Canada is increasingly interested lately in attracting international students and in promoting the many advantages of a Canadian post-secondary education. A recent news story indicates that Canada’s federal government is developing a new international education strategy for the country.
The Globe and Mail argues that “international students represent an economic bonanza worth tens of billions of dollars to countries like the United States, Britain and Australia. They were the first countries to really take advantage of this market. Canada, although late to the party, has made up significant ground in a short period of time.” The author (Gary Mason) points out that Canada will face stiff competition in attracting international students not just from other Western countries, but also from new emerging economies such as China and India.
Some of the figures provided in Gary Mason’s piece are definitely worth pondering about: in 2011, India increased higher education spending by 30 per cent; China aims to enroll half a million students in post-secondary programs by 2020, twice the current number; Brazil will spend two billion dollars over the next four years to allow its students to attend exchange programs in other countries.
In a related development, no fewer than sixteen Canadian universities will send representatives to a professional event in Beijing, called PhD Workshop China (November 24-25, 2012). They will present their graduate programs and recruit top Chinese students to study in Canada. Nine other countries will send representatives as well (Australia, Denmark, Fiji, France, Germany, Singapore, The Netherlands, the United Kingdom, and the United States). Canada will have the second largest institutional representation – after Germany, which will be present with 26 universities.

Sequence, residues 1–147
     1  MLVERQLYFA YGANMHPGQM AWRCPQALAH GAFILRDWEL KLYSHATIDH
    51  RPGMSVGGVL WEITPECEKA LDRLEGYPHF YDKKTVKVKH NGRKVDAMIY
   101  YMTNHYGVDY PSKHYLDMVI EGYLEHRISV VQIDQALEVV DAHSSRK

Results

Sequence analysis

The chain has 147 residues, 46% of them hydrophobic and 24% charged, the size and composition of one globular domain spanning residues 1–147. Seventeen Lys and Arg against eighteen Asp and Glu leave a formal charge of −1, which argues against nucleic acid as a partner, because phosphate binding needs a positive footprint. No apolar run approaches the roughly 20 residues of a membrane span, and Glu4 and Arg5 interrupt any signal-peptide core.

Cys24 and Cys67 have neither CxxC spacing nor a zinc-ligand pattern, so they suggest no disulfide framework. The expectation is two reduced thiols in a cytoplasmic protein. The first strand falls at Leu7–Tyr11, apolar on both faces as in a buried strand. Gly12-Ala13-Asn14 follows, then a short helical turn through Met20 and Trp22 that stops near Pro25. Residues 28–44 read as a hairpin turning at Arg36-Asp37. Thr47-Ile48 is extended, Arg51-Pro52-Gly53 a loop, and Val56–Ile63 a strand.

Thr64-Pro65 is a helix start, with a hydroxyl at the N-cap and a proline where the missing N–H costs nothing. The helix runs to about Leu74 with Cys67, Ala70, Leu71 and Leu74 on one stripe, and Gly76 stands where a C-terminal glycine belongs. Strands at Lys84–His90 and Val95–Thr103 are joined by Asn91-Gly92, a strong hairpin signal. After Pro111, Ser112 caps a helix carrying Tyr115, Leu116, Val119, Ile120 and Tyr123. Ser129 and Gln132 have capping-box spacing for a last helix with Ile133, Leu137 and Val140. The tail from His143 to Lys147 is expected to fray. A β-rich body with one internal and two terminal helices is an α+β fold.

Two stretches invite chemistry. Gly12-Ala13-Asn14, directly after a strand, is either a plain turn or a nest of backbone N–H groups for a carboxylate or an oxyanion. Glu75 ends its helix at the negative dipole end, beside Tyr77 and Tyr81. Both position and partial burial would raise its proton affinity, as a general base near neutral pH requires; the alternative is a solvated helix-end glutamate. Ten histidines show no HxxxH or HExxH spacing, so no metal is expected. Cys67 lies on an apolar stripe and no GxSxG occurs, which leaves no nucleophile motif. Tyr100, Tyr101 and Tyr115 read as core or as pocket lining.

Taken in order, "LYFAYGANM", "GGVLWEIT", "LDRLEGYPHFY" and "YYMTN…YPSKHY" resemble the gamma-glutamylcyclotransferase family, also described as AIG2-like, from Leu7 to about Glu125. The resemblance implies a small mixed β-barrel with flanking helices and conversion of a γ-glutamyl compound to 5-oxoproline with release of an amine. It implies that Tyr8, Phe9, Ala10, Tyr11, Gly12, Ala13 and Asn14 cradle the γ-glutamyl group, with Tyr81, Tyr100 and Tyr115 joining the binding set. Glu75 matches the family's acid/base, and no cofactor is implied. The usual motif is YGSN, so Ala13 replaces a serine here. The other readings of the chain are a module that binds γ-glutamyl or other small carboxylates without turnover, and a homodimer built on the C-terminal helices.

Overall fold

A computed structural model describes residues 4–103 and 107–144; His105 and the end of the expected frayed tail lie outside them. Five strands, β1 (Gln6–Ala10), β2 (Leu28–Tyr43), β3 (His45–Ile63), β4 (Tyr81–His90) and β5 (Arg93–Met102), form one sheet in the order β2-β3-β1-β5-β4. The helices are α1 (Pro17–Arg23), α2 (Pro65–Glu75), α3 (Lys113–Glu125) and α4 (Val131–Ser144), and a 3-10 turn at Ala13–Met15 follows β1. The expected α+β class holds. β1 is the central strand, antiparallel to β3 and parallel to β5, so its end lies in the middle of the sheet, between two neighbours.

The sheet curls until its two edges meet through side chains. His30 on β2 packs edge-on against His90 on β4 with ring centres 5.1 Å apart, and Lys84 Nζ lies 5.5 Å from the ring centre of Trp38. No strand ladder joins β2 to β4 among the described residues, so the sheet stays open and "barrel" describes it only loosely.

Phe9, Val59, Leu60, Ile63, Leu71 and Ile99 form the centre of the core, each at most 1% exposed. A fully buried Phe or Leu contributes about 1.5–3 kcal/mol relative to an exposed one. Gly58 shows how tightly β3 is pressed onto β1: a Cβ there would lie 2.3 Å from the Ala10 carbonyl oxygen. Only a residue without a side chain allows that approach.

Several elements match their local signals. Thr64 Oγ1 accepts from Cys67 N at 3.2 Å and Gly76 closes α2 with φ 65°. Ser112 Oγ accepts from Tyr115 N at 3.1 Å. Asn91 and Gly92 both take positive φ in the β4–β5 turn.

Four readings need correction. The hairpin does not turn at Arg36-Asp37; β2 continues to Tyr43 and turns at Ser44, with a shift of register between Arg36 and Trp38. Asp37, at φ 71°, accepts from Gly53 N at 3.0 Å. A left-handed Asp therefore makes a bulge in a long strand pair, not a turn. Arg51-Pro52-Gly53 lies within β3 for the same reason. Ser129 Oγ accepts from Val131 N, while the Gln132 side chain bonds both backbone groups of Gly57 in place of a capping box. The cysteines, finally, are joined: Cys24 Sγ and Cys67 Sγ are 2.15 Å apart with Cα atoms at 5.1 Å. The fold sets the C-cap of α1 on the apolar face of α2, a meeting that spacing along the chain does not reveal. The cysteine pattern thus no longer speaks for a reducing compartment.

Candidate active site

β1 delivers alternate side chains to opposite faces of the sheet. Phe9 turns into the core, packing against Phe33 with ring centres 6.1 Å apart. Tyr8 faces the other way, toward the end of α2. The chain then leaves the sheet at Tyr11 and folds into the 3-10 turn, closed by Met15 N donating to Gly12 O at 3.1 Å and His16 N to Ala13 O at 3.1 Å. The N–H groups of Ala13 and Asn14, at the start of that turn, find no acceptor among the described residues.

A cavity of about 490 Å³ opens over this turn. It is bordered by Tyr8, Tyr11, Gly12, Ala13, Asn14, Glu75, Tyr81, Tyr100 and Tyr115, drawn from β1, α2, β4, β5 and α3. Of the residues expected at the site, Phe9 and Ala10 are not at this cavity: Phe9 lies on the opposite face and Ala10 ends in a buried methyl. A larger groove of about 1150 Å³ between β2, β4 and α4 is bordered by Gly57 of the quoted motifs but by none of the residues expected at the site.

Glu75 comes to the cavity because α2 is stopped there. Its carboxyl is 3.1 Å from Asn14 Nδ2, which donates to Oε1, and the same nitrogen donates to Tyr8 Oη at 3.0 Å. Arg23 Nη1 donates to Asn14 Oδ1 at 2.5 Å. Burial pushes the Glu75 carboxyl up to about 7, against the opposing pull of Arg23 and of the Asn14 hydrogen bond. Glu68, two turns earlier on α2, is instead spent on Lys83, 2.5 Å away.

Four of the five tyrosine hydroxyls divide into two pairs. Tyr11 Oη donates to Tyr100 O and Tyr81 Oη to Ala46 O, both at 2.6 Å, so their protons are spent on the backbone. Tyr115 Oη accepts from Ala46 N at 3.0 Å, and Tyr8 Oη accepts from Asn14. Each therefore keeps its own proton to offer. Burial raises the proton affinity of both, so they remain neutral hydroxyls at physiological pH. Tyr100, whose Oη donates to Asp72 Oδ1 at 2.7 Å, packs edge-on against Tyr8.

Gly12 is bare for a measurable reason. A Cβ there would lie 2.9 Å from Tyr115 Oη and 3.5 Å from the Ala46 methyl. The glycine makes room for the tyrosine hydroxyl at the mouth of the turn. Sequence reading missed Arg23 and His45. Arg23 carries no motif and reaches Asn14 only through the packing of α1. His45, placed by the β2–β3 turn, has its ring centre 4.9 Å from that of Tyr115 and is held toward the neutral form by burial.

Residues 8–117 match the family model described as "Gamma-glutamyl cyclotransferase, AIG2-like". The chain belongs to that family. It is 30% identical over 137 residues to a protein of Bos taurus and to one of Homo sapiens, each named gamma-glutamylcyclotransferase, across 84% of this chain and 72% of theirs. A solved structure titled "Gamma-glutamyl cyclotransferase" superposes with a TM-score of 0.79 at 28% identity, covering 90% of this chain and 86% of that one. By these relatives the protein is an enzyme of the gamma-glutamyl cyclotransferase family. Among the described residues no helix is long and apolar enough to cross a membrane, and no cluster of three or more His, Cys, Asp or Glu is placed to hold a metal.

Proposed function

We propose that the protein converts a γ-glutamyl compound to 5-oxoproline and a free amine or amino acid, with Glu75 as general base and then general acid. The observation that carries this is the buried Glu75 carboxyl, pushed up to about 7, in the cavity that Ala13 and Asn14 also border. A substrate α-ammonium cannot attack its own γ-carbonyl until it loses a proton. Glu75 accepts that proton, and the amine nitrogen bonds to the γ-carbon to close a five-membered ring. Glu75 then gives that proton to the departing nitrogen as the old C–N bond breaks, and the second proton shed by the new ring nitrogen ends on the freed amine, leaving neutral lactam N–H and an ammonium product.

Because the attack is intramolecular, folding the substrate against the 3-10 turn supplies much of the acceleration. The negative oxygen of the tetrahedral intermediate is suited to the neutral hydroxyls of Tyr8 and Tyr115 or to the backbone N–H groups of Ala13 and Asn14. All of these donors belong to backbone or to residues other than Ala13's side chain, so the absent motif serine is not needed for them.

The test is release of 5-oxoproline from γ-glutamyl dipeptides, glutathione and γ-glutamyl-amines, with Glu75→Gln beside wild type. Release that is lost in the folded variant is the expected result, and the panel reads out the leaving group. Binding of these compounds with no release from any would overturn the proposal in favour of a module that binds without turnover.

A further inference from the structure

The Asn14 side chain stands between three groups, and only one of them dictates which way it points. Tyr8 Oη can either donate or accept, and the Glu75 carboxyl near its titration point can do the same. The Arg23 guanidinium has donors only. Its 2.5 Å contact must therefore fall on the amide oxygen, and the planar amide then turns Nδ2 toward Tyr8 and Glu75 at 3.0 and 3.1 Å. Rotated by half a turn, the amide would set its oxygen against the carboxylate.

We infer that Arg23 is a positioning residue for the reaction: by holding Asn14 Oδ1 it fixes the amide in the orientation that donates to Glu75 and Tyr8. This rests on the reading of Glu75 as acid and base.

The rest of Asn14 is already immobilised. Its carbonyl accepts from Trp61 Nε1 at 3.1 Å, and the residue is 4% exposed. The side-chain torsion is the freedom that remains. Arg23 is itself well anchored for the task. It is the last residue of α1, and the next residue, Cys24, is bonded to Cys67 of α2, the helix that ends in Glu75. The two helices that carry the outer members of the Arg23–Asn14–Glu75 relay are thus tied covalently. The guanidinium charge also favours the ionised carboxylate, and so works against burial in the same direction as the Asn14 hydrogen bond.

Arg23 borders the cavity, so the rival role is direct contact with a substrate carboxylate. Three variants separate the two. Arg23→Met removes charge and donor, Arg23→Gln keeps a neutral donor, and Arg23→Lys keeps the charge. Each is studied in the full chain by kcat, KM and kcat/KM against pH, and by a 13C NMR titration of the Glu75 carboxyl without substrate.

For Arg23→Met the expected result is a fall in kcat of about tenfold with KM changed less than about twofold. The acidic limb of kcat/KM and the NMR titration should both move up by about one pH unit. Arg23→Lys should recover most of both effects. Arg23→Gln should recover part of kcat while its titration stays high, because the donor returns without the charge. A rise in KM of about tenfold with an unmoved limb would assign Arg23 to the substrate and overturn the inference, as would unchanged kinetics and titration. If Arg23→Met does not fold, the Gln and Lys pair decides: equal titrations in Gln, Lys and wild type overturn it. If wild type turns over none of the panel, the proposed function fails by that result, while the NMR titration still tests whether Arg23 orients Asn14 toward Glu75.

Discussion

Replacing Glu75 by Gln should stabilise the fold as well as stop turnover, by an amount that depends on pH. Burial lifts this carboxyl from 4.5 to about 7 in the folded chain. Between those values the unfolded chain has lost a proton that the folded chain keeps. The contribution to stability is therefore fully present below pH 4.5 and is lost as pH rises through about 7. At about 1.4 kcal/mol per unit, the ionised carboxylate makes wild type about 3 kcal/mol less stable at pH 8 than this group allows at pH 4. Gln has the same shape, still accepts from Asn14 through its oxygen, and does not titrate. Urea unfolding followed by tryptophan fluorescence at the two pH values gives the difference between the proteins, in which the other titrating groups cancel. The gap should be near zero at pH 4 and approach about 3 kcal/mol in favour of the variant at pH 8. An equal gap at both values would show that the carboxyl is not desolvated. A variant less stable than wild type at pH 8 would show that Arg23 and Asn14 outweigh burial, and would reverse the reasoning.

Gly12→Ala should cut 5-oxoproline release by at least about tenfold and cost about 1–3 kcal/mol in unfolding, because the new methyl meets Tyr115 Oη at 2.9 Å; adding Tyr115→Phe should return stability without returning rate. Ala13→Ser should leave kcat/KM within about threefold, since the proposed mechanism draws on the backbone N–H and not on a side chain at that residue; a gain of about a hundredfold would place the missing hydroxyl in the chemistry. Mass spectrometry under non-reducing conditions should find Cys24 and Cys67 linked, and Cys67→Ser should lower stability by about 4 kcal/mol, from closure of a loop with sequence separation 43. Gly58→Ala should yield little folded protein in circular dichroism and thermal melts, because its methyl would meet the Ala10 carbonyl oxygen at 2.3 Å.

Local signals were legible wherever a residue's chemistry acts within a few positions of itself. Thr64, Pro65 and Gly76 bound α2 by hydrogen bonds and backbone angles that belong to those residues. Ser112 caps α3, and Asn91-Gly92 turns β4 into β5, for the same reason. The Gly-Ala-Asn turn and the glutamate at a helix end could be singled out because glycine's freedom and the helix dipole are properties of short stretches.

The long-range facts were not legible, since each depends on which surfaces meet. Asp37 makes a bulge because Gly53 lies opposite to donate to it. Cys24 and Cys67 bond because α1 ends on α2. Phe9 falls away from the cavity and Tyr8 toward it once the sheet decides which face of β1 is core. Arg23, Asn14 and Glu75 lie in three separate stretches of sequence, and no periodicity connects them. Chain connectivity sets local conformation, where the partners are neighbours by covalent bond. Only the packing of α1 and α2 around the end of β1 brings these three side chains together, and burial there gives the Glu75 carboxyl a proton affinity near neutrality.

According to the organizers, the event “provides leading overseas graduate schools a focused opportunity to meet top graduates from the most important colleges and universities across China.” PhD Workshop China 2011 attracted 160 delegates from 85 universities across the globe, including Canada. Last year, about 1,300 pre-registered students from 29 provinces throughout China attended meetings and interviews with overseas delegates, professors and admission officers.
74 per cent of these students were Master’s level students, while 14 per cent were doctoral candidates. The top 10 areas of PhD study were: Materials Science; Chemistry/ Chemical Engineering; Life Sciences; Accounting/ Banking/ Economics/ Finance; Biology/ Biotechnology; Computer Science and Technology; Geosciences/ Earth Science; Law and Legal Studies; Electronics and Automatic Control; and Linguistics/ Languages/ Interpretation.
Yet this is just one of the venues used by Canadian universities from coast to coast to attract international students, particularly from China. Equally, Chinese universities are engaging their Canadian counterparts, encouraging students here to enroll in exchange programs in China. Led by Peking University, one of the most prestigious Chinese higher education institutions, a group of top 14 universities from China came to Ottawa’s Carleton University, in May 2012, to provide first-hand information on Chinese institutions and their programs.
“Studying abroad undoubtedly broadens students’ life horizons, and contributes to one’s personal, intellectual, and career growth. The mobility of students has also become one of the most important impetuses for countries’ social and economic growth,” Carleton University noted. A federally-led international education strategy for Canada would bring all these disparate initiatives together and would advance Canadian interests in the area of education in a more effective and integrated fashion.